“And so it is written, The first man Adam was made a living soul; the last Adam was made a quickening spirit” (I Corinthians 15:45).
In the great “resurrection chapter,” Paul is quoting from Genesis 2:7: “. . . and man became a living soul.” He also makes it clear that, contrary to the opinion of many liberal theologians, “Adam” was not merely a generic term for humanity in general, specifically indicating that Adam was “the first man.” This also refutes the notion that there were any “pre-Adamite men,” despite the claims of some who would compromise with evolutionary anthropology.
Just as there was a first Adam, so Jesus Christ was the last Adam. He was not the last man to be born, of course, but He was the second and last man whose body would be directly formed by God, as asserted in the same verse (Genesis 2:7) here cited by Paul. “That holy thing” (Luke 1:35) which Mary received in her womb, was conceived altogether miraculously. “Wherefore when He cometh into the world, He saith . . . a body hast thou prepared me” (Hebrews 10:5). “The first man is of the earth, earthy: the second man is the Lord from heaven” (I Corinthians 15:47).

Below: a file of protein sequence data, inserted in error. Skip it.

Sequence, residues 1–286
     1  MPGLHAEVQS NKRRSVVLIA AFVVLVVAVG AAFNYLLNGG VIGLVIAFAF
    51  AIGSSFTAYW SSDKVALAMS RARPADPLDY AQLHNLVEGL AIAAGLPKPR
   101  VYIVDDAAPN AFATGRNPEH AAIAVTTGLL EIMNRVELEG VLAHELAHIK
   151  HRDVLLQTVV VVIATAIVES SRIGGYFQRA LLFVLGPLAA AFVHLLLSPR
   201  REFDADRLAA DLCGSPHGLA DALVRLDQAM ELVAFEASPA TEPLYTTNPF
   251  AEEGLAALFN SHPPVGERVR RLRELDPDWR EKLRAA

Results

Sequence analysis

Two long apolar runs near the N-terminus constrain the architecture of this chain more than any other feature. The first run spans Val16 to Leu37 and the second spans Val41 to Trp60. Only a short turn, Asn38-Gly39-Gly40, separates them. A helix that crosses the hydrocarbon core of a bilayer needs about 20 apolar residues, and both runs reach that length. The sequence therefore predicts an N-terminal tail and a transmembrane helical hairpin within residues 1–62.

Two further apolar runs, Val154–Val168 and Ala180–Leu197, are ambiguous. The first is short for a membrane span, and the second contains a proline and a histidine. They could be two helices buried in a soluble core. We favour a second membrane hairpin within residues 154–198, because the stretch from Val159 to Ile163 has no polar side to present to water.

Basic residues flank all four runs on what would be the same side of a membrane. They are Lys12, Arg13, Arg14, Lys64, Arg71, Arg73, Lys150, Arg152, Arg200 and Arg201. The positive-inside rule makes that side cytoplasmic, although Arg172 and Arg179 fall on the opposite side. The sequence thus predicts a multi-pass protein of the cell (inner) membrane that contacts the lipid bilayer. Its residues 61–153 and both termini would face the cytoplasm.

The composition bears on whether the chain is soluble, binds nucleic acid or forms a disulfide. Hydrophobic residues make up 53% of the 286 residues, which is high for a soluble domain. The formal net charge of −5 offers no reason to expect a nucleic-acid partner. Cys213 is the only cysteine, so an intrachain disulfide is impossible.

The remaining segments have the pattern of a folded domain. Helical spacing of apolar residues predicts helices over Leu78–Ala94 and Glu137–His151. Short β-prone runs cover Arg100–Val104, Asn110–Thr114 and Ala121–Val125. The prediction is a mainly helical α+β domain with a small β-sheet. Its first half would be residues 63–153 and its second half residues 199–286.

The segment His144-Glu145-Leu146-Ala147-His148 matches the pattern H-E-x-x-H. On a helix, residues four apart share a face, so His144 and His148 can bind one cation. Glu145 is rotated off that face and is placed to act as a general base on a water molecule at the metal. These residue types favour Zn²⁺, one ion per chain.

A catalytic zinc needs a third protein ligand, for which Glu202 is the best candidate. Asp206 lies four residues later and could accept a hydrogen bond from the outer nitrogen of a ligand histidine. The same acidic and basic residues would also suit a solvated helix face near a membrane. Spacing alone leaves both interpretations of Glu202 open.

Thus, with neither genetic mutations nor inherent sin in His perfect human body, this last Adam could become “the Lamb of God,” whose body was “without blemish and without spot,” able therefore to redeem lost men with His “precious blood,” and thus to take “away the sin of the world” (I Peter 1:19; John 1:29).
But that is not all. He was also “made a quickening [that is, resurrecting] Spirit.” He was “put to death in the flesh, but quickened by the Spirit” (I Peter 3:18) and can now give eternal life to all who receive His life. “For as the Father raiseth up the dead . . . even so the Son quickeneth whom He will” (John 5:21). HMM